Mizrachi [Hebrew: “eastern”] – short for Merkaz Ruchani (“spiritual centre”), a religious orthodox Zionist party founded in 1902 in Vilnius.

It has attained its final organisational form in 1916 in the Prussian-occupied part of the Kingdom of Poland; in 1918, it also established a presence in the remaining parts of the country. The Mizrachi combined Zionism with the adherence to Jewish religious traditions, with all aspects of life being subordinate to religious regulations. Its programme involved the creation of a Jewish nation state in Palestine, ensuring a cultural and national autonomy of Jews living in Poland; the Mizrachi retained a strong presence in the Eastern Borderlands and in Eastern Galicia. It had three main offices – in Warsaw (former Kingdom of Poland), Lviv (Eastern Galicia) and Cracow (Western Galicia). The Mizrachi remained conflicted with the Agudat Yisrael. In 1918, it joined the Transitional Jewish National Council. During the 1922 and 1928 parliamentary elections, the Mizrachi joined the National Minorities Bloc. Later on, it chose to adopt a conciliatory stance towards the government and engaged in cooperation with the Et Livnot faction of the Zionist Organisation in Poland. The Mizrachi maintained a youth organisation known as the Tseirei Mizrachi [Hebrew for “spiritual youth”] and a workers’ movement known as the Daat VeAvoda [Hebrew for “faith and labour”]. After World War II, it remained the only Jewish party in Poland which operated legally; it continued its activities until 1949. In Israel, it became the most numerous political party; in 1956, along with the Workers’ Party, it formed the National Religious Party, which participated in a number of subsequent government coalitions; in 1957 it merged with the Likud block. Prominent activists of the party included S. Brot, J.H. Farbstein, S.Z. Federbusz, Sz. Feldman, I. Nissenbaum.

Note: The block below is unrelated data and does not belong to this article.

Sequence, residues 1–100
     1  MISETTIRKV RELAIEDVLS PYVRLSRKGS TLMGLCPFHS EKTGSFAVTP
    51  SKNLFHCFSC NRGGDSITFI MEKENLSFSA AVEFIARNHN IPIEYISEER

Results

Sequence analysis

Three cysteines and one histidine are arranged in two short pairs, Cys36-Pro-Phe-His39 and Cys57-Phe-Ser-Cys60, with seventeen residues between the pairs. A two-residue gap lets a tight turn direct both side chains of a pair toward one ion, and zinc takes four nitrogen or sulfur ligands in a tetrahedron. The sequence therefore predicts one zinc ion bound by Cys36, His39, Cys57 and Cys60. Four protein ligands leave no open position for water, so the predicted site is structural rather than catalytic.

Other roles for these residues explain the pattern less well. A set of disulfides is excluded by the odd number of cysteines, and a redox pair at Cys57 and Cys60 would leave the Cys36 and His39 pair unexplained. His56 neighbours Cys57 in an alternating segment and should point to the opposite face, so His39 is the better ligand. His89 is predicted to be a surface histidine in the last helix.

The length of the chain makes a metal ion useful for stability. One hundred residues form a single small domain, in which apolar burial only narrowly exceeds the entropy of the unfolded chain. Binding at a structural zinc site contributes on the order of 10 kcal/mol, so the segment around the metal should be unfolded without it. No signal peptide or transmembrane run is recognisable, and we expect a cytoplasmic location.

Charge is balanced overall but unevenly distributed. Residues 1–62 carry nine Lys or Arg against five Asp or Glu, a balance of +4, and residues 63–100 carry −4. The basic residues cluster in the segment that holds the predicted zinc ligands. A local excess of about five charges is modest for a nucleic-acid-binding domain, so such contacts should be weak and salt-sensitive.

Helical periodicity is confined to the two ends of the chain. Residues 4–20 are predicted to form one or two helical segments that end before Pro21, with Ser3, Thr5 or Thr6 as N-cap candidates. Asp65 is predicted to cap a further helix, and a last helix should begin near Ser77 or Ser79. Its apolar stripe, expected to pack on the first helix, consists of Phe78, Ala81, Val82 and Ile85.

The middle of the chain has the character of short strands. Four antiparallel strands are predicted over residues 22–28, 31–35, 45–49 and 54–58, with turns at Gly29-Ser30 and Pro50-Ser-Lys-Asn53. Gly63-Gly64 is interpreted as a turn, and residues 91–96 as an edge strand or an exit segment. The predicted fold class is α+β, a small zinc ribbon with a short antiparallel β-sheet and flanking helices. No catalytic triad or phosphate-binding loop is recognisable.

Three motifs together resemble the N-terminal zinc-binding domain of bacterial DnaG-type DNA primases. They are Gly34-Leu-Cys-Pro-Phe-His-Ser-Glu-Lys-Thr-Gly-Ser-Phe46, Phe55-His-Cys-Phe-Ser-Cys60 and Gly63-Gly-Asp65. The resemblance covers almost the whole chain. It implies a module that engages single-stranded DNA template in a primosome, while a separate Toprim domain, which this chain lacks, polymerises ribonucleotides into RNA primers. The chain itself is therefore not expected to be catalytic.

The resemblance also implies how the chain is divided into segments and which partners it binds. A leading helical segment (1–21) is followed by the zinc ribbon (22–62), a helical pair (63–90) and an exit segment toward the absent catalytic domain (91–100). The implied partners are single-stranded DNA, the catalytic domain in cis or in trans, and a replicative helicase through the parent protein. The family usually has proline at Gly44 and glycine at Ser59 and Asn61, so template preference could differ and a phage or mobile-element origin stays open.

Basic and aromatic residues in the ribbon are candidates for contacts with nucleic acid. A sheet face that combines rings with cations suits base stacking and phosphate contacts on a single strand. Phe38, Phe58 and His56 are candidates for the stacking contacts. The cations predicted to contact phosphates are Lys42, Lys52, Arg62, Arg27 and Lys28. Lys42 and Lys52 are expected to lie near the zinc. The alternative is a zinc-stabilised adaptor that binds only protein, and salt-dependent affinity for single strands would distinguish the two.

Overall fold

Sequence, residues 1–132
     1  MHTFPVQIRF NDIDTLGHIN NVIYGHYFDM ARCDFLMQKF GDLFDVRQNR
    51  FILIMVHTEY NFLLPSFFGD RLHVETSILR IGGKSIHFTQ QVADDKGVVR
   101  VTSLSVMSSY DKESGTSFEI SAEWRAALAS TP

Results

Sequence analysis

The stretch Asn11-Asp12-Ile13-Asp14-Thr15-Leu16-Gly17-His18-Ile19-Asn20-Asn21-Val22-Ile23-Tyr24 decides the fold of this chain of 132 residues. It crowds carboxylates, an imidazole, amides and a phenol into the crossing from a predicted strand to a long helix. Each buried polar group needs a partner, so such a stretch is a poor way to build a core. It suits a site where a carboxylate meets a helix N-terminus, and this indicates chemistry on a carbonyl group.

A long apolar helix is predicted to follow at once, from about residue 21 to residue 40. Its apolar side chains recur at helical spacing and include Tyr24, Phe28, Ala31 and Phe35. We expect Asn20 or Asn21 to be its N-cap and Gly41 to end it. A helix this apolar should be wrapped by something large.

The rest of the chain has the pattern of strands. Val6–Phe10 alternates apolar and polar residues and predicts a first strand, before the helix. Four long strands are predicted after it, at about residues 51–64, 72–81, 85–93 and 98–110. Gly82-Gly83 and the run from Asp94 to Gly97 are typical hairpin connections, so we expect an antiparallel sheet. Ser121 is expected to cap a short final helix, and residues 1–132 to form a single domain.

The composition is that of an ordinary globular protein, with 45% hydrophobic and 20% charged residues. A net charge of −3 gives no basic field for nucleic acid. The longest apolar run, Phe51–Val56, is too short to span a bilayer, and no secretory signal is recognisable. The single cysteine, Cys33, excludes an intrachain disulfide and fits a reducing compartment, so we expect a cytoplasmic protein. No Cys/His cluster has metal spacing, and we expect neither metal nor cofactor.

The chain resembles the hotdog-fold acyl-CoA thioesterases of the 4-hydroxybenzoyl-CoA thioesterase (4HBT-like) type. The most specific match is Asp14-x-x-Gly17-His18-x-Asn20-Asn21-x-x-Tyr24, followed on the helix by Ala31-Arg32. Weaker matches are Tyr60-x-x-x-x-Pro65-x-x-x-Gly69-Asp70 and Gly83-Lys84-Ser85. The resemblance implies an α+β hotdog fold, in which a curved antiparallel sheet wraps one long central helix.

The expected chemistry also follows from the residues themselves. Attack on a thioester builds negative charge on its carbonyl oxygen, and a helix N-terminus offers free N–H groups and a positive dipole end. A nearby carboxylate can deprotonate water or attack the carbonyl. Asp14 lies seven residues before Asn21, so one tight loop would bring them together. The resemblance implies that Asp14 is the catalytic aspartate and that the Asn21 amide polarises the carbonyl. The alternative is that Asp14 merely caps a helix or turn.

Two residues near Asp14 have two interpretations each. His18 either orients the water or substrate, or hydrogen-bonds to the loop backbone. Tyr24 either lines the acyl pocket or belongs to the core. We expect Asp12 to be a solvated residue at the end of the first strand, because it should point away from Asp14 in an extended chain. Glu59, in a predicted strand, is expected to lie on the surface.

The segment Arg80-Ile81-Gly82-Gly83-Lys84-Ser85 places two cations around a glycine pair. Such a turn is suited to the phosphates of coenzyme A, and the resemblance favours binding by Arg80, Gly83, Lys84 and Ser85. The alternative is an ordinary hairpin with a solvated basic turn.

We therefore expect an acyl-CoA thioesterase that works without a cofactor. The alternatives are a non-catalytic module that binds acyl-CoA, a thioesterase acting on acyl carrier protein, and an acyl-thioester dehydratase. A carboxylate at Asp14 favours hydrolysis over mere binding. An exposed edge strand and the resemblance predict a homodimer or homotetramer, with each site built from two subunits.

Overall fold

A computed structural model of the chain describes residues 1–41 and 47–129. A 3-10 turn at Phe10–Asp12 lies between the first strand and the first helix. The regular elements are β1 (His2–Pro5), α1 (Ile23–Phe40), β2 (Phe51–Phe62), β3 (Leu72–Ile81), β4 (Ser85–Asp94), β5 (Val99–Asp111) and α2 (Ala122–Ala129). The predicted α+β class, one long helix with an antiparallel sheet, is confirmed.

The content of this entry has been prepared on the basis of the source materials provided by the Polish Scientific Publishers (PWN)

The term was created within the framework of the project Zapisywanie świata żydowskiego w Polsce [recording the Jewish environment in Poland], whose author is Anka Grupińska, a well-known Polish journalist and writer, specializing in the modern history of the Polish Jews. The project, initiated in 2006 by the Museum of the History of Polish Jews, consists in recording interviews with Polish Jews from all generations.


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